If you’re a gun enthusiast, you probably know the classifications for firearms. Think of it like how firearms get ranked in martial arts. Each level above is more capable than the last one.
In gun classification, there are several tiers of firearms. Each one for different ranges or capacities. One of the more commonly used classifications is class 4 weapons, commonly known as NFA weapons.
But what is the NFA classification, and what can you use it for? That depends on the specific weapon within the class, but in general, we can tell you more about class 4 weapons. Read on.
Class 4 Weapons in the United States
In the United States, the classification of firearms is typically referred to as the National Firearms Act (NFA) classification. Class 4 weapons under the NFA include
- machine Guns
- short-Barreled Rifles (SBRs)
- short-Barreled Shotguns (SBSs)
- destructive Devices
These weapons are subject to additional regulations and restrictions. This includes the federal registration process, background checks, and the payment of taxes.
Machine guns are firearms that can fire multiple rounds with a single trigger pull. They can be fully automatic (continuously firing as long as the trigger is held down). They are also capable of bursting fire (firing a predetermined number of rounds with a single trigger pull).
To own a machine gun, a very lengthy and extensive background check is required. Additionally, a special firearms license must be obtained from the Bureau of Alcohol, Tobacco, Firearms and Explosives (ATF). The gun must also be registered with the ATF as well as with state and local governments.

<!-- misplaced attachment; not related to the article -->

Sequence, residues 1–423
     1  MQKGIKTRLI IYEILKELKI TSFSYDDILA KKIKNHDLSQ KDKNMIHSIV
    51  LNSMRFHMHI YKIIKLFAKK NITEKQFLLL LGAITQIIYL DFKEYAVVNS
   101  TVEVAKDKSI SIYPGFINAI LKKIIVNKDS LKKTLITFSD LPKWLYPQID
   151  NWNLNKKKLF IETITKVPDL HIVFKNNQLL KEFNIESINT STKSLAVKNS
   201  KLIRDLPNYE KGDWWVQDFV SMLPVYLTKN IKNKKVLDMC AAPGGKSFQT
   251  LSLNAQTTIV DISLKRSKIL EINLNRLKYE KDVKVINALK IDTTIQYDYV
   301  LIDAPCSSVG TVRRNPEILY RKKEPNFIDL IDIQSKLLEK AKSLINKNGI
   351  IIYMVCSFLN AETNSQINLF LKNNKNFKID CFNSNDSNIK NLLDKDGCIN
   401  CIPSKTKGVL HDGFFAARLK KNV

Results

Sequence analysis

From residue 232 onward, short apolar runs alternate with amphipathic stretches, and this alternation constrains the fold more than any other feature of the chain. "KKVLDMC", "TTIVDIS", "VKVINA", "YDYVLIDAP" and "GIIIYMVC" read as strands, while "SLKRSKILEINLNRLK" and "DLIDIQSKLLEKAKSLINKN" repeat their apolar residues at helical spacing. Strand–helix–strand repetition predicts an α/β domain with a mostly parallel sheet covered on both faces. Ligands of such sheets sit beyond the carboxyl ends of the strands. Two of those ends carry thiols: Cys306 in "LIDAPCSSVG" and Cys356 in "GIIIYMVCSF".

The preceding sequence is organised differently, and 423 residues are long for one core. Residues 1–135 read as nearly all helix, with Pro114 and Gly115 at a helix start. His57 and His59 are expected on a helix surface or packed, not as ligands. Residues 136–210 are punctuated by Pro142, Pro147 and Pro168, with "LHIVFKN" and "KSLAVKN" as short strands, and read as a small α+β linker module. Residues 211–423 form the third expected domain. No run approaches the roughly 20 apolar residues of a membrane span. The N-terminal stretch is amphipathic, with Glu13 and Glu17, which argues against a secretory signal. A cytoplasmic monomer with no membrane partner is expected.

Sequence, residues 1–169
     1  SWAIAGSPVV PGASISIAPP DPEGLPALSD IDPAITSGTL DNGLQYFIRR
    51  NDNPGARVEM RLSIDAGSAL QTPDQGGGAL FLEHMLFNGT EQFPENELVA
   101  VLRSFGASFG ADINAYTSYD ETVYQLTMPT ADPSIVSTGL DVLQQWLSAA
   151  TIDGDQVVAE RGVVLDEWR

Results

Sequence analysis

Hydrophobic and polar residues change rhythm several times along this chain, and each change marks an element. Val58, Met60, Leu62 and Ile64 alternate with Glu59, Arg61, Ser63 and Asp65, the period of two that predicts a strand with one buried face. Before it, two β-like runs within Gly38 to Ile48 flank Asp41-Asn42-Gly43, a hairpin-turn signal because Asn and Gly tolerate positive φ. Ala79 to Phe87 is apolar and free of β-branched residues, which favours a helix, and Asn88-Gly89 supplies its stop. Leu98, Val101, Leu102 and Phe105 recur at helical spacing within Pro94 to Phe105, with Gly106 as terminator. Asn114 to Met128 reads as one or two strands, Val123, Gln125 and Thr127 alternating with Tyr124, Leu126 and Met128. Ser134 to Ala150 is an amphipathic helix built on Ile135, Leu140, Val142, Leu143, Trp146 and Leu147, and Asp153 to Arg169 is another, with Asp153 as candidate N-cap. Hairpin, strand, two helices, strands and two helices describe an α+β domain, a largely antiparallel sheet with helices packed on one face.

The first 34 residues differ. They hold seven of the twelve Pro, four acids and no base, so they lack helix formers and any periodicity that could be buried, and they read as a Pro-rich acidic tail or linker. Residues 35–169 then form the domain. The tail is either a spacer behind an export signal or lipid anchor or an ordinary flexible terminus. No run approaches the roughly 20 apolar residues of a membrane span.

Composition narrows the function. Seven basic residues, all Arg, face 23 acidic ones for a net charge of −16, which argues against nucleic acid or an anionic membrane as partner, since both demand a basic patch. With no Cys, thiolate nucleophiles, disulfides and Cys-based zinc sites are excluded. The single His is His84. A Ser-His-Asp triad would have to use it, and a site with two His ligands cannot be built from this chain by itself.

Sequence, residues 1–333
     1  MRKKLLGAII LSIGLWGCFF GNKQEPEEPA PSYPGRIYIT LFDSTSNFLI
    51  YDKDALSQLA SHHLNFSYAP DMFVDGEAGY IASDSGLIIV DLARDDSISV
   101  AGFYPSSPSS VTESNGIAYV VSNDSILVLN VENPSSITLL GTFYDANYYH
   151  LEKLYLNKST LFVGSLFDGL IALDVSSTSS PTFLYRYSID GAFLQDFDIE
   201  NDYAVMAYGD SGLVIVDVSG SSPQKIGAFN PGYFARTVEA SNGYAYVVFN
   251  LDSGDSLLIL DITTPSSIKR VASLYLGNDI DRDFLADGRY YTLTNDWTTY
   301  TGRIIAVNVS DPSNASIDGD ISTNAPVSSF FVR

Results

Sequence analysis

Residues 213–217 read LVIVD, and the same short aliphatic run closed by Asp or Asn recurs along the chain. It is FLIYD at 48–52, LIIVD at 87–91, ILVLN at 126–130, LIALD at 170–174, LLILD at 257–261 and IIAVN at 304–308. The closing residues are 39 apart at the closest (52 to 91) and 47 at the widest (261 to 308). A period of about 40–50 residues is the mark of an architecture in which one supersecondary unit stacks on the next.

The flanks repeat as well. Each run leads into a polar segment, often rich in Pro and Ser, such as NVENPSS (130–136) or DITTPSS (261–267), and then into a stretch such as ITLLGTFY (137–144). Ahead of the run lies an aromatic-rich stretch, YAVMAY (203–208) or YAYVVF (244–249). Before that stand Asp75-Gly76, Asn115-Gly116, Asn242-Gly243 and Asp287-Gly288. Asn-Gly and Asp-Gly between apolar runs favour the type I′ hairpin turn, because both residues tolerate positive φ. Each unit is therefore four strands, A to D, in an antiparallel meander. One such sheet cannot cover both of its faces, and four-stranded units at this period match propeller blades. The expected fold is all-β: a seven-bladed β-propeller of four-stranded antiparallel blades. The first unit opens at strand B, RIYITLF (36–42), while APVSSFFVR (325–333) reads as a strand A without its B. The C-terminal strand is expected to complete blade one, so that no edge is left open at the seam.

Short-Barreled Rifles (SBRs)
SBRs are rifles with barrel lengths of less than 16 inches. They tend to be more portable than other firearms making them convenient for self-defense. However, these weapons are tightly regulated and require additional paperwork in comparison to other firearms.
To own an SBR, an individual must complete the Bureau of Alcohol Tobacco Firearms and Explosives (ATF) Form 4 with photos and fingerprints. Individuals must also pay a $200 federal tax bill and wait a minimum of 6 months for approval. For top-quality ammunition, check out the 6.5 Creedmore brass linked here.
Short-Barreled Shotguns (SBSs)
These shotguns usually have a barrel length of less than 18 inches and an overall length of 26 inches or less. They are primarily used for sport shooting and hunting. It is illegal to modify a shotgun to fit the criteria of an SBS.
To obtain an SBS, an individual must submit an application and registration fee to the ATF. The individual must also complete an ATF Form 4, obtain fingerprints, provide a recent photo, and secure the signature of a Chief Law Enforcement Officer. After the ATF clears the application, the owner will receive the weapon with a tax stamp typically within 6-8 months.
Destructive devices encompass a wide range of explosive and incendiary devices, including grenades, rockets, and bombs. These items are subject to strict regulations due to their potential to cause significant harm and damage.
Purchasing and Owning a Class 4 Weapon
Class 4 weapons are controlled items that are considered militarily-grade weapons. Purchasing and owning these weapons is strictly regulated by the National Firearms Act of 1934. Only certain individuals with special permits and licenses are eligible to own and use these weapons.
Those caught possessing them without a valid license can incur heavy criminal penalties. It is important to understand the laws in your jurisdiction before engaging in any activities involving a class four weapon.
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